For example, the pain of arthritis can actually make the condition worse:
- being unwilling to move around makes the joints stiffen up through lack of use
- lack of exercise piles on the weight, putting more pressure on the joints
- increased pressure on the joints means more pain, so less movement, more stiffening and more weight gain
A vicious cycle is created where the problem becomes worse and worse under its own steam – and pain is as the root of it. Whilst we can’t cure the arthritis itself, by removing pain and getting our patients moving we can reverse the stiffness and get some weight off.
Pathologic pain can have its uses, but isn’t always our friend.
How do we recognise pain?
In order to be able to keep our pets out of pain, we must be able to recognise the signs of pain. Remember, though, that absence of signs doesn’t guarantee that there’s no pain – if in doubt, assume it’s there.
Understanding how a pet feels depends on a number of things:
- Understanding of normal behaviour
Some owners are just better at spotting pain. Some patients are better at showing it. But unless we look for it, we’re never going to find it.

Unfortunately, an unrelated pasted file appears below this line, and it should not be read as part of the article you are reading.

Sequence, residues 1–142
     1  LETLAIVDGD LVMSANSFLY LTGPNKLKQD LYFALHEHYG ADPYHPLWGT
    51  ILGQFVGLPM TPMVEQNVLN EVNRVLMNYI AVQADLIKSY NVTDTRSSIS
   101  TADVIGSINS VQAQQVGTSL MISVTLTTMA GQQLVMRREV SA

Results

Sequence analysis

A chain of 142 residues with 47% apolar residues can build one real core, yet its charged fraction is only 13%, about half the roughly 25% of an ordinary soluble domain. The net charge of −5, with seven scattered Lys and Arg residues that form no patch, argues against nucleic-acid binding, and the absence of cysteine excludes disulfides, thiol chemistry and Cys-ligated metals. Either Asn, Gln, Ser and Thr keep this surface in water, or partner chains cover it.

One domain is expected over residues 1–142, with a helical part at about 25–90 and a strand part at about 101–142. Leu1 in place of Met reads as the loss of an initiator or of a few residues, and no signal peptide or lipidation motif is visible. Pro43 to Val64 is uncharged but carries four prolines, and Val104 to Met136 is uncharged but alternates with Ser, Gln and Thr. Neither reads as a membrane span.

Dogs tend to be the easiest patients in which to spot pain: their outward responses to pain are more similar to ours than for most species. They’re designed for pack-living, and their conditioning in our homes makes them more likely to be willing to show pain to us, and even to seek help with it. I have, over the years, seen a small number of ‘malingerers’ who were hopping lame at home, but completely normal when away from their owners – generally because being hopping lame at home meant cuddles and treats and all things good.
Do beware, though, of behavioural changes as the only signs of chronic pain in dogs. When our collie, Juno, was a younger dog, a combination of being overweight (yes, shame on me), hip dysplasia and the appearance of screaming toddlers with grabby hands made her mildly aggressive – which, for Spoony, was so out of character that it was immediately apparent. Early recognition of the central issue, along with pain control measures (weight loss, acupuncture, educating the kids) sorted it all out quickly.